Massachusetts OUI arrest based on 911 call and Chief Justice Roberts speaks out on DUI cases

A Massachusetts DUI stop must be based on the officer having reasonable suspicion that a motorist is committing a traffic violation or some violation of the criminal laws. In a DUI case, if there is not a lawful basis for the stop, a DUI lawyer may be able to have the entire case dismissed as a result of the unconstitutional stop.

Chief Justice Roberts of the United States Supreme Court in a dissenting opinion from the denial of certiorari in a case from Virginia, suggested that he would support a lowering of the standard of reasonable suspicion and allow motor vehicle stops based on anonymous tips even if the police do not witness any traffic violation. The Chief Justice stated that the impact of requiring a tipster to be known to the police or the officer to witness a traffic violation is that a drunk driver gets one free swerve before they can be legally pulled over.

The Fourth Amendment to the United States Constitution protects against unreasonable searches and seizure and an anonymous tip has no indication of reliability, that the tip is accurate, that is not made to harass the motorist, for revenge, or that the tipster is being truthful with the police. A truly anonymous tip cannot be lawfully used to stop a motorist for an alleged drunk driving just as an anonymous tipster cannot tell the police that an individual has a weapon on them and justify the police to search the individual. The United States Supreme Court in Florida v. J.L., 529 U.S. 266 (2000) made this holding clear. The Chief Justice is essential trying to create a DUI exception to the Fourth Amendment prohibition against unreasonable search and seizures and established case law.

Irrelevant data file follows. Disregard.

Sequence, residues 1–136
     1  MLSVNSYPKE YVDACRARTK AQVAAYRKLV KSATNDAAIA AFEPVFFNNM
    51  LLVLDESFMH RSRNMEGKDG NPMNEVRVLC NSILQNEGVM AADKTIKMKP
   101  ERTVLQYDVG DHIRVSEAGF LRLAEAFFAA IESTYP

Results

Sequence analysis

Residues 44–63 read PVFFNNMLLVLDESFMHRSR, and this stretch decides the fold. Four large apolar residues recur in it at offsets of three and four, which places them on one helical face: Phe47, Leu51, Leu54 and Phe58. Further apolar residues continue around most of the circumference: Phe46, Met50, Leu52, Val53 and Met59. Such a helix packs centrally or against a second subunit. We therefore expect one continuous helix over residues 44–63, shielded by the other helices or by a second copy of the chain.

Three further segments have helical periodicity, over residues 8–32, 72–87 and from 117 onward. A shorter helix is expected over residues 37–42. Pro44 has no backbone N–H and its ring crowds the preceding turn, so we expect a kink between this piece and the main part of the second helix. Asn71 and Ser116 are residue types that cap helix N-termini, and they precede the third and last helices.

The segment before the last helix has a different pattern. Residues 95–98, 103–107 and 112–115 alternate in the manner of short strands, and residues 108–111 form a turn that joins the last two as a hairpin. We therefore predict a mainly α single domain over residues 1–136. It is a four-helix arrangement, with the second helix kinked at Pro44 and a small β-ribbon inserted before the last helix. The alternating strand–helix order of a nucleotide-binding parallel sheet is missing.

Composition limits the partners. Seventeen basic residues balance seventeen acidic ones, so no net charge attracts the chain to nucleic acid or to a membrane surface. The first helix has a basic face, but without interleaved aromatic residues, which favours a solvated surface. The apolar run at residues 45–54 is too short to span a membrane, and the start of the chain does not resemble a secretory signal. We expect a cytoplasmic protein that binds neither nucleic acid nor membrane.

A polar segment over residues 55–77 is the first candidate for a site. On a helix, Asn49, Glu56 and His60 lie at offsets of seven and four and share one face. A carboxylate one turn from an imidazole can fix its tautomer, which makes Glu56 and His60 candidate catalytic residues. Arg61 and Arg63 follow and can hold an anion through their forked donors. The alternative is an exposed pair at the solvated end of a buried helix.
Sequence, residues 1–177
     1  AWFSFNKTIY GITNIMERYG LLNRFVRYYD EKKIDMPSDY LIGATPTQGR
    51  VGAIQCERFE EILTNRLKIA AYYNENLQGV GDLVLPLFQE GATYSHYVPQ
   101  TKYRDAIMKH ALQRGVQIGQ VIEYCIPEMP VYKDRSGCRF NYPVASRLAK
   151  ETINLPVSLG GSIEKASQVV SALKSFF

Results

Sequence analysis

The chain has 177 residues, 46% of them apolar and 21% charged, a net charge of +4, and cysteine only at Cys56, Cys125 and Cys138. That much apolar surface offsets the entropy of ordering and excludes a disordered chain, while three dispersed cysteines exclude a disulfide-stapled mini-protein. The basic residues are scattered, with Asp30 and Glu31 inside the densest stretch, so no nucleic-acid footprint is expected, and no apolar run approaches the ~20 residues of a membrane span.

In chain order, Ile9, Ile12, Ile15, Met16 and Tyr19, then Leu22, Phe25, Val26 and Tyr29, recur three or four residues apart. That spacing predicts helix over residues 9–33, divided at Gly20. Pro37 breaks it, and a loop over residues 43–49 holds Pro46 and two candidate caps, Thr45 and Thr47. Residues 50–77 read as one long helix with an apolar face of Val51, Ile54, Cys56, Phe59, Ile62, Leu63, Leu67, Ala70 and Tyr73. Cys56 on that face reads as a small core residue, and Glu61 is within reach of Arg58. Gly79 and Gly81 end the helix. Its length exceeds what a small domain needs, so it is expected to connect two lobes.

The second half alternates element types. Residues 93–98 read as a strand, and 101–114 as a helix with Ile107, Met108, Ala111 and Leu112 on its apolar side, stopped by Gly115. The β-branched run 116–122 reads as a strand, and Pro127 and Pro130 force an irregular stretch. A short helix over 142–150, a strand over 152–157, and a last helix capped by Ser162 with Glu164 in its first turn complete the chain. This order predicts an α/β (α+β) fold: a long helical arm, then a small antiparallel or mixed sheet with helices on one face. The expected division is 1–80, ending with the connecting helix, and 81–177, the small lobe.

If a caller does not wish to leave contact information or to identify themselves to a police dispatch, the reliability of the caller is clearly called into question. In fact, few tips are truly anonymous. Courts use the fact that cell phones can be traced to hold that the tip was not anonymous. Many courts will find that a tip is not anonymous if the police could have discovered the identity of the caller or if the caller put their anonymity at risk in any way. Accordingly, in Massachusetts the issue in a DUI tip case will be whether the tip is anonymous; if the tip is truly anonymous, a Massachusetts DUI lawyer should be successful in having the case dismissed based on a violation of the motorist’s Fourth Amendment and Article 14 rights under the Massachusetts Constitution.

If you were stopped based on a 911 call or citizen tip, Attorney DelSignore will explain potential Fourth Amendment defenses that could result in your case being dismissed as a result of the unlawful stop in violation of your Constitutional rights. Attorney DelSignore has handled numerous Massachusetts DUI cases involving 911 tips and will explain your rights and work to prepare your defense. Call for a free consulation, 508-455-4755 or contact Attorney DelSignore by email. Most calls and email are answered immediately.

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